Why Grow Bulbs in Containers?

Planting Daffodils and Narcissus brings back memories of gardening in the UK and the arrival of Spring. William Wordsworth’s poem captures the moment perfectly.

I wandered lonely as a Cloud
   That floats on high o’er Vales and Hills,
When all at once I saw a crowd,
   A host of golden Daffodils;
Beside the Lake, beneath the trees,
Fluttering and dancing in the breeze.

Continues >here<

Don’t you just love this poem?

So Why do I Grow Bulbs in Containers?

In a nutshell: I like the flexibility.

We have a relatively small garden for the quantity and variety of plants I want to grow,  so to save space I plant bulbs in plastic containers then keep them in the nursery area until they are in bud. I then display in glazed or terracotta pots in prime locations to create a splash of colour and point of interest.

And, not only can I choose where and when to display,  but  if it’s windy and/or we have heavy rain and storms I can move the pots under the terrace for protection.

Why waste valuable growing space in prime areas of the garden while waiting for bulbs to flower,  foliage to die off and bulbs to become dormant when growing in pots offers such flexibility?

Daffodils Growing in Pots (March)
Narcissus Growing in Pots (March)
Freesias 12th March 2018
Freesias 12th March 2018

Once the Daffodils, Narcissus and Freesias flowered in March, I moved the pots out of view back to the nursery and continued to tend the plants until the foliage died off. I then stacked the pots to let the soil dry out during the dormant period. Other years I have lifted the bulbs and stored in boxes. However, due to the high humidity or whatever, this method proved unsuccessful for me as the bulbs rotted.

Daffodil Bulbs
Daffodil Bulbs 12/10/2018

In October I turned out all the pots into an old bath and sorted through to see if my experiment had worked. Yes! Lots of healthy bulbs and only a few duds.

I then sterilised the containers and planted the bulbs in multi-purpose compost.

Spring Bulbs

Six weeks later the Freesias and one pot of Daffodils were already bursting with life.

Do Bulbs Need Feeding?

I’ve  now started to feed the bulbs every week or so with a high potassium liquid feed (tomato feed) to promote good flowering for next year. I will stop the feed once the foliage starts to die off.

Daffodils and Freesias (22nd November 2018)
Daffodils and Freesias (22nd November 2018)


Freesias in Pot 22nd Nov 2018
Freesias in Pot 22nd Nov 2018

Frieshas 22nd Nov 2018

I wonder if the freesias will last until this March before flowering?

Buying New Bulbs

After several weeks searching my usual garden centres, shops and markets in the Algarve for new bulbs without much success, I’d almost given up hope when I found some narcissus bulbs imported from Holland in a Drogeria opposite the Aqua Centre in Portimaõ. I am right at the end of the recommended planting season (IX-XII) so fingers crossed they will grow!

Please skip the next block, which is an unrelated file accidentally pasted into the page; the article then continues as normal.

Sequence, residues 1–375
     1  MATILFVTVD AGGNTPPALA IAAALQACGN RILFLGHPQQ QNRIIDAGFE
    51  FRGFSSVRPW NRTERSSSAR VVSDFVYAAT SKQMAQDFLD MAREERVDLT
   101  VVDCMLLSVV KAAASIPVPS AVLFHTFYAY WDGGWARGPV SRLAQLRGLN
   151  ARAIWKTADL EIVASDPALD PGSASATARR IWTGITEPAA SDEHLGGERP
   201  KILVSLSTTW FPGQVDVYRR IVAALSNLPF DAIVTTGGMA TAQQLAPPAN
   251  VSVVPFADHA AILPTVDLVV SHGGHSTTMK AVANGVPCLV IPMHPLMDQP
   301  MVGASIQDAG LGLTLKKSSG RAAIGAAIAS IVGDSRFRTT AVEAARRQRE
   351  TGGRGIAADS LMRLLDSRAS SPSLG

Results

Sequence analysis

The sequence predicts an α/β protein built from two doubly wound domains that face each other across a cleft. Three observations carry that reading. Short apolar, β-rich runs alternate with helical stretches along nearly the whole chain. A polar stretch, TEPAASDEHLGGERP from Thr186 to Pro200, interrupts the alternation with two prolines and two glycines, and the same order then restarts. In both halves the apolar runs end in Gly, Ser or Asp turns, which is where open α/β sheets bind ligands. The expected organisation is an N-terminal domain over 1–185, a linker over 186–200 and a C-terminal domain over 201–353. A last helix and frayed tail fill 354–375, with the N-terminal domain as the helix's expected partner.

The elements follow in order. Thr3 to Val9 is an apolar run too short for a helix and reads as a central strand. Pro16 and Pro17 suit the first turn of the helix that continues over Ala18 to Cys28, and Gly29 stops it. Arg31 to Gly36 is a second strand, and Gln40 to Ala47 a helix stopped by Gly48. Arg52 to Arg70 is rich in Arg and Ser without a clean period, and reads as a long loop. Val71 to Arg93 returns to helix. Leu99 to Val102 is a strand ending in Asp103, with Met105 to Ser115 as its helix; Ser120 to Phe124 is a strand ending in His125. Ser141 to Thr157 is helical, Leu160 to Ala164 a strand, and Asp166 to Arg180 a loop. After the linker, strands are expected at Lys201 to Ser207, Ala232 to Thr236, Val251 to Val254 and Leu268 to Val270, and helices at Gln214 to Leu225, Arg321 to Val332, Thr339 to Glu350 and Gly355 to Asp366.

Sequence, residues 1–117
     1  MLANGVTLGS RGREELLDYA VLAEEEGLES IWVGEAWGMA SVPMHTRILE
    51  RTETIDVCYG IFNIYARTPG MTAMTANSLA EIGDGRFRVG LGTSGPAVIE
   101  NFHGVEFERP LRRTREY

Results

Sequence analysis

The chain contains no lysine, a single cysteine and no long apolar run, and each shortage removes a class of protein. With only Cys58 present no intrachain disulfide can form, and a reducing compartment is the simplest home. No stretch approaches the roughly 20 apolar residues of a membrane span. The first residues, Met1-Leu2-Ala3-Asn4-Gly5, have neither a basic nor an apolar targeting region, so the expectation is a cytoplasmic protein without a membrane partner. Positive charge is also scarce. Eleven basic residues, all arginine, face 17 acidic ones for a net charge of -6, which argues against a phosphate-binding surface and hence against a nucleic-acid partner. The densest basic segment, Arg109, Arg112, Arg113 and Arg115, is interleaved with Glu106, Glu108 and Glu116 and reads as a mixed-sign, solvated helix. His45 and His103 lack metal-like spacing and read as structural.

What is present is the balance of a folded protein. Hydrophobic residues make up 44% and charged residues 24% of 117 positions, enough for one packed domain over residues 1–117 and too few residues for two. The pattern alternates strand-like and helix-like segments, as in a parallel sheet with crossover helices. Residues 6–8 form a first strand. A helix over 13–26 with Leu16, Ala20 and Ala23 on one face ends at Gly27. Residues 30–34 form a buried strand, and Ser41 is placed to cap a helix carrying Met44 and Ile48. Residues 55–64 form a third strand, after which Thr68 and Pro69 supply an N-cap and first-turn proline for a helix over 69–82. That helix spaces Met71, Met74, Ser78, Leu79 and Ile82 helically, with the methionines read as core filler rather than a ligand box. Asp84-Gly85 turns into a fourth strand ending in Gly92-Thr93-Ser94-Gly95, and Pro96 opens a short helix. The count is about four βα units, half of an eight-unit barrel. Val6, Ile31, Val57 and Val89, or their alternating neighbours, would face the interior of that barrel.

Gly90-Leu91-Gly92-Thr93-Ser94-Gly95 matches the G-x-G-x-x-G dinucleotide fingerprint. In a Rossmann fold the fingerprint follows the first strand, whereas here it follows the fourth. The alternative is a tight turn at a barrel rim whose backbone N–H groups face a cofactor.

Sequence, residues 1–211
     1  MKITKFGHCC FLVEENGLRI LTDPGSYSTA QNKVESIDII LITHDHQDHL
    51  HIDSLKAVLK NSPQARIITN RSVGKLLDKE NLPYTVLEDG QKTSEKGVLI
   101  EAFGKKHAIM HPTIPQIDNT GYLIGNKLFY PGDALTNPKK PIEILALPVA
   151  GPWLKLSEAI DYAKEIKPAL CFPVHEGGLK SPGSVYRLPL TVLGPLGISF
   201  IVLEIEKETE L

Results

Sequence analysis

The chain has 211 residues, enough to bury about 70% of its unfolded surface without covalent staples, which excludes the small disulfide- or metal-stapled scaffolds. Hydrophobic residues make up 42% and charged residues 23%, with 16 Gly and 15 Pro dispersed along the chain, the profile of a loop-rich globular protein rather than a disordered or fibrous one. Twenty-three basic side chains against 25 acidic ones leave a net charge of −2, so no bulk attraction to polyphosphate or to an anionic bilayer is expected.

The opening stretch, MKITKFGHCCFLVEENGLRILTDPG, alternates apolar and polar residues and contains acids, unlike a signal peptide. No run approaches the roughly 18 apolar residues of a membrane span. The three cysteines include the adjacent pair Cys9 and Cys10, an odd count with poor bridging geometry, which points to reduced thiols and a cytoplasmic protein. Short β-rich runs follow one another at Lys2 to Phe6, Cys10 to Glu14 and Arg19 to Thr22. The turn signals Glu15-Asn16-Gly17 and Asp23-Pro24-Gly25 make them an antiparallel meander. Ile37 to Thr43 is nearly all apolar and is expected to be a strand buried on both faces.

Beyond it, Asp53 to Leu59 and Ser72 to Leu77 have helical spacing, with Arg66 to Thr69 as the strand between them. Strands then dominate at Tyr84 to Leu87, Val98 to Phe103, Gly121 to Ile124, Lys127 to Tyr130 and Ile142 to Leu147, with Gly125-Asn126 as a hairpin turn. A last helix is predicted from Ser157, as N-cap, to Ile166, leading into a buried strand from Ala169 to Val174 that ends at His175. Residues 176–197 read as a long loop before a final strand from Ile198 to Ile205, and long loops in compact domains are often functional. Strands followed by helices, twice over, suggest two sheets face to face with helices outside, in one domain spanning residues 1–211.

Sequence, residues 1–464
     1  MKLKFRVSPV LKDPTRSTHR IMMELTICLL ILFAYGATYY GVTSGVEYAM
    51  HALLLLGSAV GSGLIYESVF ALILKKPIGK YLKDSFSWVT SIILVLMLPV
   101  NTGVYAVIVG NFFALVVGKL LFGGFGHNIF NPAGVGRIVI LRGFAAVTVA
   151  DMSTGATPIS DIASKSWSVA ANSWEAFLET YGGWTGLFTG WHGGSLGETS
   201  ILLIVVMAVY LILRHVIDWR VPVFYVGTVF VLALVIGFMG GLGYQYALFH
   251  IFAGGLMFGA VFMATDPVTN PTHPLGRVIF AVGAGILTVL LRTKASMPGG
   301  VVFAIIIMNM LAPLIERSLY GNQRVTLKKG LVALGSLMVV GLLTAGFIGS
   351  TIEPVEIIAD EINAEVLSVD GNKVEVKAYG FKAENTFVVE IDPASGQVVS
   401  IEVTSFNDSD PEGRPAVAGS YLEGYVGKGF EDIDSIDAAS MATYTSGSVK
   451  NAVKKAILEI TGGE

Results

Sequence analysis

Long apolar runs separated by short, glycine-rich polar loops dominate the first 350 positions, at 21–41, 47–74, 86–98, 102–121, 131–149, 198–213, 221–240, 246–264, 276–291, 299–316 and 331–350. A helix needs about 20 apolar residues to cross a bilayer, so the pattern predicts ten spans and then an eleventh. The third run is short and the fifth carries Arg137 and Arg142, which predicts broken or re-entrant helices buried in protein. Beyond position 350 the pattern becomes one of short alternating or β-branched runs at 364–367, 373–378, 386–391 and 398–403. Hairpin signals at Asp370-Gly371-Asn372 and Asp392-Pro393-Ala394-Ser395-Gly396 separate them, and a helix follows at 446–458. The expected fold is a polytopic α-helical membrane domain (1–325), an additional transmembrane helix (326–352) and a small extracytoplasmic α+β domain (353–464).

That will teach me to buy plants when I see them and quit procrastinating.



While I won’t have a ‘host of golden daffodils in Portugal’, I’ll at least have a few in strategically placed containers to remind me of Spring in England.

What plants do you grow in containers?




8 thoughts on “Why Grow Bulbs in Containers?

Add yours

  1. That is a good reason to grow cymbidium orchids in pots. I could grow them in rotting tree stumps or in more permanent locations out in the landscape. However, they are not the prettiest plants when not in bloom. In town, most of the homes had those awkward spaces between the homes that were ideal for growing potted plants that are not so great for the landscape all year. When they bloom and are at their best, they can get moved out. They moved back into the side yard when they finish bloom.

    Liked by 1 person

  2. Until recently I grew some chillis …. but the hens leaped into the pots and scratched the dirt, damaging some plants and exposing the roots of others. Out they came!

    We grow a few succulents – one species, Zwartkops – does well.
    I grow a few herbs and veggies in pots too.
    Beans, for one, as the hens don’t seem to like them. And also a few potatoes.
    Plectranthus, some ordinary mint, tomatoes, some fuschias in one pot as well as Arums in two large pots on the patio. There’s also a lemon tree ( that has yet to bear fruit) and two types of lavender.

    Liked by 1 person

    1. You have hens! I’d love some. I was tempted to trade in my raised veg garden for a chicken pen…but person who looks after our house when we go on holiday siad if we get hens don’t ask him to looka after the house 😦

      You grow quite a selection of plants in pots. Hmmm I must see if I can grow my herbs in pots when I revamp the herb patch


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